The Catalog of Genes and Diseases from OMIM is a comprehensive resource that provides information on genetic conditions. OMIM, which stands for Online Mendelian Inheritance in Man, is a scientific database that catalogues information about genes and genetic disorders.

DNMT3A overgrowth syndrome is a condition caused by mutations in the DNMT3A gene. DNMT3A is a DNA methyltransferase enzyme that plays a role in adding methyl groups to DNA. Mutations in this gene can result in overgrowth and other characteristic features of the syndrome.

OMIM provides valuable information about the causes, inheritance patterns, and associated features of DNMT3A overgrowth syndrome. The database also offers resources for genetic testing, frequency of the condition, and patient advocacy and support groups.

For more information about DNMT3A overgrowth syndrome, OMIM references scientific articles and other resources. The database also provides information on related genes and disorders, such as Tatton-Brown-Rahman syndrome.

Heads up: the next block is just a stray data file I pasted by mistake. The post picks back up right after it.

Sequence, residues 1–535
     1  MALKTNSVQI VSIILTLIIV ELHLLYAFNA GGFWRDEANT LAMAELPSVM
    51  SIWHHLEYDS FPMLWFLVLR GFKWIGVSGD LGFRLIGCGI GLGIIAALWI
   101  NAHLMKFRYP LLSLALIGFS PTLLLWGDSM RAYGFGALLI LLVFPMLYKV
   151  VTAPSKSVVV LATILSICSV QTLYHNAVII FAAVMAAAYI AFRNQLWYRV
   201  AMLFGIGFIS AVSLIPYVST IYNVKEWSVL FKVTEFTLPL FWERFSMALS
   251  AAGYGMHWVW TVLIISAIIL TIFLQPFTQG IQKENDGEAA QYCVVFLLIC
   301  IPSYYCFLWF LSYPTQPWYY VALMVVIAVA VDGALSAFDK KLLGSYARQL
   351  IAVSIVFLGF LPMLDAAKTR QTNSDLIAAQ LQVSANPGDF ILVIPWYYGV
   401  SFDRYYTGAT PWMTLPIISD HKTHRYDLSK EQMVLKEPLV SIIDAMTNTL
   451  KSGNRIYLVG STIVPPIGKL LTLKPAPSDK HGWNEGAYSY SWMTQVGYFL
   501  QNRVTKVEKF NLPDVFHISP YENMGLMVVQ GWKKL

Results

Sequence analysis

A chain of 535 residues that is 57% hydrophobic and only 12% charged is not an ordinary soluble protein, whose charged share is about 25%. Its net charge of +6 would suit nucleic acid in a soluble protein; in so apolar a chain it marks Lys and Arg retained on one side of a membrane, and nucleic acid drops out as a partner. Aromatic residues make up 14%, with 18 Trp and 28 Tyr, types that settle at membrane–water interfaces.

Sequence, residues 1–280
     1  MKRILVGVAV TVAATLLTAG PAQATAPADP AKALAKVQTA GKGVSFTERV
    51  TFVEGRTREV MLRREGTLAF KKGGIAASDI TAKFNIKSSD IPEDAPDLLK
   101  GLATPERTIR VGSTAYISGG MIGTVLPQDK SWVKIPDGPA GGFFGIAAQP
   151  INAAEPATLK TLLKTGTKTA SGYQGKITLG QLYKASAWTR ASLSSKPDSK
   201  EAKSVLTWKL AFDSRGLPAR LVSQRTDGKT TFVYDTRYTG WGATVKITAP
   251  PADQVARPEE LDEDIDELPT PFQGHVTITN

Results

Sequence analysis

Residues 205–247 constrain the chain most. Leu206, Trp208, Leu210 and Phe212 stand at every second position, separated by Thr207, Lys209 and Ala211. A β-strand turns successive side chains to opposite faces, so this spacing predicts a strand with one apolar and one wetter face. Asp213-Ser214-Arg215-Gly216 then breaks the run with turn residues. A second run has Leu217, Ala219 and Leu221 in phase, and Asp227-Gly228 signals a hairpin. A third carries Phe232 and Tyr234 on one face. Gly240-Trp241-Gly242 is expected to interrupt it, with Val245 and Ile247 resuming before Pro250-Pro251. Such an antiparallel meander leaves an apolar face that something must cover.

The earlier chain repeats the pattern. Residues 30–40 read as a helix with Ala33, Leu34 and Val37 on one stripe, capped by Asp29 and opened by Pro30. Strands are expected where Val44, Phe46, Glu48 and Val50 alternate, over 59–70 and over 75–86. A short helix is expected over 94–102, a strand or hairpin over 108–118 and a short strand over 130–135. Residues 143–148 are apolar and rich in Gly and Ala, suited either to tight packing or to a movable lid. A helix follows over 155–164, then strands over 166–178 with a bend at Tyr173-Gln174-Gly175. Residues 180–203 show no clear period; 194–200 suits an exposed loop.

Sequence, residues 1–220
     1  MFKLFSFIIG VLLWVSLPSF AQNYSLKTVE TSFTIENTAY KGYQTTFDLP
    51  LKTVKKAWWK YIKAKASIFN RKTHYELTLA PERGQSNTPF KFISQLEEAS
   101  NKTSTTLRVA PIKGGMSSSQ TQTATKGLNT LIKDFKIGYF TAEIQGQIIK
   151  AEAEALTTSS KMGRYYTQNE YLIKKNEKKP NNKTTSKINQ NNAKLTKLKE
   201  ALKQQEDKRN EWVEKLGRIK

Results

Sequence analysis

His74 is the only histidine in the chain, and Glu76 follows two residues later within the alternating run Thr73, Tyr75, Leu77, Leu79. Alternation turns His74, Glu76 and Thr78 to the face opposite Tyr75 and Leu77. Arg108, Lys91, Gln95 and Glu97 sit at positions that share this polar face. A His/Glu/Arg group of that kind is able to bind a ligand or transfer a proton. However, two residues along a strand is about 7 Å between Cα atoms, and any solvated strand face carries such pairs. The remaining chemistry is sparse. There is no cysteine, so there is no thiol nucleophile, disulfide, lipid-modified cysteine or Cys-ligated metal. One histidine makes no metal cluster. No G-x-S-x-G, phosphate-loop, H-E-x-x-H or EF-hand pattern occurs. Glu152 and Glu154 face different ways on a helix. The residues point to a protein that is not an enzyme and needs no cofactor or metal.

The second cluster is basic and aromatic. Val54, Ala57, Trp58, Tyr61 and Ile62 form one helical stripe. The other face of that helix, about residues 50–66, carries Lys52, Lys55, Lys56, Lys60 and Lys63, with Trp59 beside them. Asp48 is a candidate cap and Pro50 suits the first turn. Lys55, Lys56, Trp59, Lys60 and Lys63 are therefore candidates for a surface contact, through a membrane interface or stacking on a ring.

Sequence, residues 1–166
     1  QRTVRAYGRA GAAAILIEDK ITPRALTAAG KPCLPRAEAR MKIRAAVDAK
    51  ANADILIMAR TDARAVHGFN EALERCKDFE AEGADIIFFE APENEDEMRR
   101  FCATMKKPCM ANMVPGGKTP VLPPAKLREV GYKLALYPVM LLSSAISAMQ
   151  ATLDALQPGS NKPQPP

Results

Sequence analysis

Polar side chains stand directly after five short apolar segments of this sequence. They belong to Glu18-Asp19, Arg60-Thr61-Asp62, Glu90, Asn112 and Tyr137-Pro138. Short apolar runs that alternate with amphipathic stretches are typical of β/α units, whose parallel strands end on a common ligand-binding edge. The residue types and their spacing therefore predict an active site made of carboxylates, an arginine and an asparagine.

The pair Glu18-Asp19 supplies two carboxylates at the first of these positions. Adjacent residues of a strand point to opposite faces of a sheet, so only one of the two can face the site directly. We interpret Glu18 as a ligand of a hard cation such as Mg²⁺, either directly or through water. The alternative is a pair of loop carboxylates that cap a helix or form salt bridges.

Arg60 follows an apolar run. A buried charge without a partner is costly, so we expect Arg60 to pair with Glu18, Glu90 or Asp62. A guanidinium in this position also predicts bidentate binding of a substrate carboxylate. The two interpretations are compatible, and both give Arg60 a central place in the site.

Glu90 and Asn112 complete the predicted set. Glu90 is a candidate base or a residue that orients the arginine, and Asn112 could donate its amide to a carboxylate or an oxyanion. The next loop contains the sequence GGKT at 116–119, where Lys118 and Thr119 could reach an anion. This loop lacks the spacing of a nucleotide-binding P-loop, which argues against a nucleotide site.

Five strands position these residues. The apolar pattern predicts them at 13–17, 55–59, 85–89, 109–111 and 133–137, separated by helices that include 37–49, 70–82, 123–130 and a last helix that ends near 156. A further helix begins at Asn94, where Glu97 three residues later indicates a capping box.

By using the OMIM catalog, researchers and healthcare professionals can access a wealth of information to learn about the condition, its genetic basis, and potential treatment options. Patients and their families can also benefit from the resources and support available through OMIM.

References:

– OMIM: www.omim.org

– PubMed: pubmed.ncbi.nlm.nih.gov

Scientific Articles on PubMed

DNMT3A overgrowth syndrome is a rare genetic condition associated with mutations in the DNMT3A gene, which encodes for the DNA methyltransferase 3A enzyme. This syndrome is characterized by overgrowth and intellectual disabilities in affected individuals.

Scientific articles on PubMed provide valuable information about the genes, inheritance patterns, and clinical features associated with DNMT3A overgrowth syndrome. They support the research and learning about this condition, as well as provide insights into testing and management strategies.

DNMT3A overgrowth syndrome is one of the diseases listed in the OMIM catalog, a comprehensive resource that catalogues genetic disorders and their associated genes. The condition has also been referred to as Tatton-Brown-Rahman syndrome and shows an autosomal dominant inheritance pattern.